Kellogg moved for summary judgment without specifying to which of the counts its motion was addressed. The parties' memoranda in support and opposition to the motion, however, concern only the federal copyright, and neither the parties nor the court appear to have addressed the common law or state law infringement counts. After viewing the Kellogg commercial and a segment of "To Tell the Truth", the district court granted the motion for summary judgment on the ground that "as a matter of law, there is no substantial similarity between any protected expressions in plaintiff's work and defendant's television commercial." These appeals ensued.


We also have viewed the commercial and the television show and conclude that whether only the "idea" of "To Tell the Truth" or the "expression of that idea", see Herbert Rosenthal Jewelry Corp. v. Kalpakian, 446 F.2d 738 (9 Cir. 1971), has been copied is at least a close enough question that it should be decided by way of an evidentiary hearing on the merits and not by way of summary judgment. See Arnstein v. Porter, 154 F.2d 464, 474 (2 Cir. 1946); Morrissey v. Procter & Gamble Co., 379 F.2d 675, 677 (1 Cir. 1967) ("Summary judgment may not be granted where there is the 'slightest doubt as to the facts.' ").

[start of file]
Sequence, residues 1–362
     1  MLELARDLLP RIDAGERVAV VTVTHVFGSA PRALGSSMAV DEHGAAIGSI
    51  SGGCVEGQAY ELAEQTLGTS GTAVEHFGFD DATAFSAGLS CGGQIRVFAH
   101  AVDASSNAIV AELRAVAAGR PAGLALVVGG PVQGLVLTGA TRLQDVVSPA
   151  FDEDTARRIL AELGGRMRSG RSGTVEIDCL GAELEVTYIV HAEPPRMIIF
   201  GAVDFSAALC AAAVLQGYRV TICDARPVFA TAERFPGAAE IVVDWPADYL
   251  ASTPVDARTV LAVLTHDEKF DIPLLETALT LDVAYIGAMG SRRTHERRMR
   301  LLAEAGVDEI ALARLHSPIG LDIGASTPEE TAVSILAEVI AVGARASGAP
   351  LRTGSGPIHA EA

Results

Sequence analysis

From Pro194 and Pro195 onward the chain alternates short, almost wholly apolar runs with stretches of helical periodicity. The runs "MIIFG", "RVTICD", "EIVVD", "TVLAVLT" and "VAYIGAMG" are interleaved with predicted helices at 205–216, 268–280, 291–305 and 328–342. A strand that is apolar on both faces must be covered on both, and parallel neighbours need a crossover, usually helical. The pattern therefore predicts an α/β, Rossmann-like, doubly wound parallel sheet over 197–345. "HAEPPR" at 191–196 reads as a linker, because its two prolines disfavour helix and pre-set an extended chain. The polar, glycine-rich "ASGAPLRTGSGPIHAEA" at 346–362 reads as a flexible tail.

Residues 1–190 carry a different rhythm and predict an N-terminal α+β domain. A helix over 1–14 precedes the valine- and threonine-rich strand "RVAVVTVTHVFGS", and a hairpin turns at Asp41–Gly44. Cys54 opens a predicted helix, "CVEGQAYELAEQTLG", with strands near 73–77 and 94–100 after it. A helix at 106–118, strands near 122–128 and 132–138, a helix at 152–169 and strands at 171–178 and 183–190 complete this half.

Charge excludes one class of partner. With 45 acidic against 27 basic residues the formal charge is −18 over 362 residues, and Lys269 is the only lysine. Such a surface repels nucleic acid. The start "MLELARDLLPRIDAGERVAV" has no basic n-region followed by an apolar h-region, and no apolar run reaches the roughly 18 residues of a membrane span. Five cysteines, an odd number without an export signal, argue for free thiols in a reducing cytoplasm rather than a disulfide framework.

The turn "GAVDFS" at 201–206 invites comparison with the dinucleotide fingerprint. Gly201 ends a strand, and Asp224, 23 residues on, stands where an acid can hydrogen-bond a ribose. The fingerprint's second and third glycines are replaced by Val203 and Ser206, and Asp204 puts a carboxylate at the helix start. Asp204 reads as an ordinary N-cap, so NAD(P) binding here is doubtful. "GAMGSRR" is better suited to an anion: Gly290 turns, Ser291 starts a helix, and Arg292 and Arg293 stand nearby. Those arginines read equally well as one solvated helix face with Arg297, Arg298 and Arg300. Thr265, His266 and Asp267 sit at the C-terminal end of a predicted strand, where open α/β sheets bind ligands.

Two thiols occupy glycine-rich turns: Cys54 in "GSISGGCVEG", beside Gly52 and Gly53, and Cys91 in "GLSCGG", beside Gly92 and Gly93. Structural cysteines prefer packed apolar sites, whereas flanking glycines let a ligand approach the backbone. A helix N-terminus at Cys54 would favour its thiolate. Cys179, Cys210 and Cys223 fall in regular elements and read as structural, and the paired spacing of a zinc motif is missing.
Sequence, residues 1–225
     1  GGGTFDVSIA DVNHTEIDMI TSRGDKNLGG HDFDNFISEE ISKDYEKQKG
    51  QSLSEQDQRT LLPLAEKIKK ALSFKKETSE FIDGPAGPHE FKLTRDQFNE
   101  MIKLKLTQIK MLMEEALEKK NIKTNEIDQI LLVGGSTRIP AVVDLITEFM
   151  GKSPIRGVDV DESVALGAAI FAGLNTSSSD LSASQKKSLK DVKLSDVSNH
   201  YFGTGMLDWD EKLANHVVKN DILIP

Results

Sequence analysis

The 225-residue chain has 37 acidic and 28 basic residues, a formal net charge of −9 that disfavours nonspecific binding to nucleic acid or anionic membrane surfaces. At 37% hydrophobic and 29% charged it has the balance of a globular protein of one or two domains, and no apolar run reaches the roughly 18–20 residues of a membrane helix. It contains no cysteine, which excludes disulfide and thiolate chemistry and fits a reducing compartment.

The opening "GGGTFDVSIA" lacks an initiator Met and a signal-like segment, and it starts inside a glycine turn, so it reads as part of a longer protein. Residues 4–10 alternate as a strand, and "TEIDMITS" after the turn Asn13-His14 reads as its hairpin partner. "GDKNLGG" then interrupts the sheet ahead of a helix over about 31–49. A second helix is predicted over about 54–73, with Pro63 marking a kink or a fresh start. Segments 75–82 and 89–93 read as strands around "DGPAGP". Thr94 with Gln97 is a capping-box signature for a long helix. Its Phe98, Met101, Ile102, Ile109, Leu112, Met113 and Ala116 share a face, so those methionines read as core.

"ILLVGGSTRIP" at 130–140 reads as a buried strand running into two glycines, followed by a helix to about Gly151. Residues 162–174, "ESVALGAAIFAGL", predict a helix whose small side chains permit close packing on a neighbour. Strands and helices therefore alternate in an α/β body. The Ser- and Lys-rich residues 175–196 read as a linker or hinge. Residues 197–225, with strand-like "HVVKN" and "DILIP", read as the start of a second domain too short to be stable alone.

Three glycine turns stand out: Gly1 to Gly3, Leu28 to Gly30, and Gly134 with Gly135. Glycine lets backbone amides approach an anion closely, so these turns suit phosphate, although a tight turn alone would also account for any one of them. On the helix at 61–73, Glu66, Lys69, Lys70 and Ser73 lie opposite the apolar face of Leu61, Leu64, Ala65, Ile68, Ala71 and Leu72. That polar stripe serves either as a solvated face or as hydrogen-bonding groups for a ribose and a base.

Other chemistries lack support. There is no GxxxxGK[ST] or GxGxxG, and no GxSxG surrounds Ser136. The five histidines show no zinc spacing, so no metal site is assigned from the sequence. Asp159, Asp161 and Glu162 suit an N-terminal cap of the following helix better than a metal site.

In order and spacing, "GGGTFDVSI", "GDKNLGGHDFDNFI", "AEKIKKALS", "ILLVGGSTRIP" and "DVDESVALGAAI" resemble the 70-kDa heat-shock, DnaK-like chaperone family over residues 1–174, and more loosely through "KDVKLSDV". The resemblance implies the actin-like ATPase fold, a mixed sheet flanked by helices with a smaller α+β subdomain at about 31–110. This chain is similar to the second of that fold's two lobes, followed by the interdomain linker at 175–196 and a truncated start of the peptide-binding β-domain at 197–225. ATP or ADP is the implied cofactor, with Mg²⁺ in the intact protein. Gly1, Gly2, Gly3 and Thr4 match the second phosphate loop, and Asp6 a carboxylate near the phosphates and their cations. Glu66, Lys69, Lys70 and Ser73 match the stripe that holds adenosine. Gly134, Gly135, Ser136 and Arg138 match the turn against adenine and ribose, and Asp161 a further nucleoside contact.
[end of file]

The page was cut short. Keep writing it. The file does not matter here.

This is not a case where the "idea" the questioning of contestants by a panel in an attempt to guess their identities is indistinguishable, as a matter of law, from the "expression" of that idea (e. g., "Will the real ....... please stand up?" versus "Will the real Tony the Tiger please sit down?"). See Herbert Rosenthal Jewelry Corp. v. Kalpakian, supra, at 742 of 446 F.2d.

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Kellogg also contends on appeal that once the video-taped shows were copyrighted under the Copyright Act, any state or common law protection was thereby supplanted, and that at any rate, the state and federal copyright tests are the same.